For the past 10 years, when Prudence (Prudie) Withell has written her holiday cards, she has addressed one of the most important ones to Francisco Hernandez-Ilizaliturri, MD, Chief of Lymphoma at Roswell Park.
“In the card, I list all the milestones I was able to celebrate that year, including the weddings of my grandchildren, the births of my great-grandchildren and trips I have been able to enjoy, all because of the amazing care that I’ve received from Dr. Hernandez-Ilizaliturri and the rest of the Lymphoma team,” Prudie says. And at every one of her bi-monthly appointments, she bakes something for the Lymphoma Clinic staff, accompanied by a handwritten thank-you card to acknowledge all that they have done for her.
Prudie, age 78, has come a long way since her first appointment at Roswell Park a decade ago. One day in 2011, after working a full shift as a waitress, Prudie noticed swelling in one of her feet. Fearing she might have a blood clot, Prudie went to her local emergency room, where a CT scan showed that she had lymphoma. “I was advised by some of the ER nurses to go to Roswell Park, but I thought having cancer meant the same thing as dying, and I was afraid to go to Roswell Park.” When she asked her trusted primary doctor of 31 years what she should do, “His answer was, ‘If it was me, I’d be at Roswell Park’s door tomorrow.'"
A team she could trust
Within two weeks, Prudie met with members of Roswell Park’s Lymphoma team: Dr. Hernandez-Ilizaliturri; Ian Lund, PA; Alice Mohr, FNP-C, MSN; Kenneth McWhite, PA; and Mary Colleen House, RN. “I liked them all right away, but I was overwhelmed and scared. At one point, Ian was the only one left in the room with me, and I started to cry. He asked me why I was crying, and I told him, ‘I don’t want to die.’ He said, ‘Don’t worry, we’re not going to let you do that.’ And for a decade, Ian and the rest of the Lymphoma team at Roswell Park have made good on that promise,” Prudie says.
Prudie’s official diagnosis is follicular lymphoma (FL), a type of non-Hodgkin lymphoma (NHL) that accounts for 20-30% of all NHL patients. Follicular lymphoma affects both the bone marrow and lymph nodes in different parts of the body and usually grows slowly. After a complete cycle of chemotherapy in 2011, it appeared that Prudie’s lymphoma was in remission. But six months later, PET and CT scans showed that the lymphoma had recurred, and testing detected a second type of lymphoma that was aggressive and growing quickly.
Immediately, under the care of Maureen Ross, MD, PhD, Prudie underwent intensive chemotherapy for three weeks and then had an autologous bone marrow transplant (using her own stem cells) that kept her hospitalized for a month. “To help pass the time and get stronger, I walked laps around the hospital floor until I’d done a mile each day,” she recalls. The good news is that the aggressive lymphoma went into remission and has not recurred. The slower-growing lymphoma remains, but has been in a “holding pattern,” thanks to several different treatments.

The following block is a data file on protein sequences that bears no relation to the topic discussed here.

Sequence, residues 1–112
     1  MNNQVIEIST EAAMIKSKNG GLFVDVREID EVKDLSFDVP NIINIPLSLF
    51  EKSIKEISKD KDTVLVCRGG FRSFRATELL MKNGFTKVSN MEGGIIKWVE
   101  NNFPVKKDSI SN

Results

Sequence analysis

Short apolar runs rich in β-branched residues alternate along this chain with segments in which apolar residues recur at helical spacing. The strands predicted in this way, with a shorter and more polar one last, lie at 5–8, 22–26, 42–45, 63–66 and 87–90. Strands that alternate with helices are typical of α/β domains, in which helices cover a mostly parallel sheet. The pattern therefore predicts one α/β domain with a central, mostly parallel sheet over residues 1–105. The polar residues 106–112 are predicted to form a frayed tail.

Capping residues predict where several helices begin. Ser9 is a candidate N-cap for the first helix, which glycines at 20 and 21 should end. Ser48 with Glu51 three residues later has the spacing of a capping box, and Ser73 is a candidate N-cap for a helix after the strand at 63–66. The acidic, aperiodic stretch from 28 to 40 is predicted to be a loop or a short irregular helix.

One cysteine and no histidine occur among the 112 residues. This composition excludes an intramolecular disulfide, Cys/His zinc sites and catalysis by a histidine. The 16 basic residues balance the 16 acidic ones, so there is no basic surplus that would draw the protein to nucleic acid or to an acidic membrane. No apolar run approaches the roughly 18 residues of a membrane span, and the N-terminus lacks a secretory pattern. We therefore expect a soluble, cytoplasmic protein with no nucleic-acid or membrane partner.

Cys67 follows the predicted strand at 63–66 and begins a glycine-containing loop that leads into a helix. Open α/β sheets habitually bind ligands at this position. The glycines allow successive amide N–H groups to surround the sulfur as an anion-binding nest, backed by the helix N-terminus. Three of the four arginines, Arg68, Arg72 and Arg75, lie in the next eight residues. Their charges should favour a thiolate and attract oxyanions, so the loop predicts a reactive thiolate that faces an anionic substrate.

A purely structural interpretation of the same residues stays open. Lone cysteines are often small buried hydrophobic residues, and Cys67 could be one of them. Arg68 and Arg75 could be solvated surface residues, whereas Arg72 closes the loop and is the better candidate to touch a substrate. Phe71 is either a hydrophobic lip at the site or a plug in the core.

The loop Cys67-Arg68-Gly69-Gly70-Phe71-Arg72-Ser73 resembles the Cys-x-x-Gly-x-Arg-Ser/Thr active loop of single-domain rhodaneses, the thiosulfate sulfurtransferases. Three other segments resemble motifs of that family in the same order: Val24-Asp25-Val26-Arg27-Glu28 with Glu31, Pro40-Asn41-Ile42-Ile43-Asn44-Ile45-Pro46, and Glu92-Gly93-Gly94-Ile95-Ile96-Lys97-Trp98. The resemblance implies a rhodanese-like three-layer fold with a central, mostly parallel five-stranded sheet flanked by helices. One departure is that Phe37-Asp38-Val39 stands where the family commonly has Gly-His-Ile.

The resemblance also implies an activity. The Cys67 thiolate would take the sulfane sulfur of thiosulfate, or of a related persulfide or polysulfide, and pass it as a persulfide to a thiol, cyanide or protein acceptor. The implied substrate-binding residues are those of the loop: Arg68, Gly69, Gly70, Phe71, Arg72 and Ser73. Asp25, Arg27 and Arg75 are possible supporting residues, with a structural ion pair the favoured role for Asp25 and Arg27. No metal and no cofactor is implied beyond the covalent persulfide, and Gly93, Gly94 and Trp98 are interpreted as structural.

She has PET and CT scans every three months, to monitor her lymphoma. To prevent infection, she has taken an antiviral drug twice a day since her bone marrow transplant, and since 2014, she has participated in various studies and clinical trials, including one that involves tazemetostat (Tazverik), a new drug for sarcoma that is being evaluated in people with Prudie’s type of lymphoma. “In some people, side effects of Tazverik include fatigue, stomach pain and nausea, but if I didn’t know better, I’d think I was on a placebo. I feel great. Occasionally I’m tired, but I know when to slow down.
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Carrying on with living
"Most of the time, though, I keep myself busy, with gardening, baking, cooking, working around the house and visiting with my three kids, nine grandchildren and five great-grandchildren,” Prudie says.
“It also helps to have a good attitude and find humor whenever you can,” she adds. “My hair never grew back evenly after my first chemotherapy in 2011, so I wear a hat most of the time. My husband bought hair clippers and became my barber. He shaves my head when my hair grows out, and then we throw the hair into the yard for the birds to use in their nests.” she laughs.
Looking back, Prudie says she is “so glad that I followed my doctor’s advice and went to Roswell Park 10 years ago.
"Next time you are at Roswell Park, take a look at the license plates of the cars in the parking ramp. People come from all over the world to work here and be treated here. We in Western New York are so fortunate to have Roswell Park right in our backyard, and I am so grateful to Dr. Hernandez-Ilizaliturri and the rest of the Lymphoma team for all they have done for me and so many other patients.”
Editor’s Note: Cancer patient outcomes and experiences may vary, even for those with the same type of cancer. An individual patient’s story should not be used as a prediction of how another patient will respond to treatment. Roswell Park is transparent about the survival rates of our patients as compared to national standards, and provides this information, when available, within the cancer type sections of this website.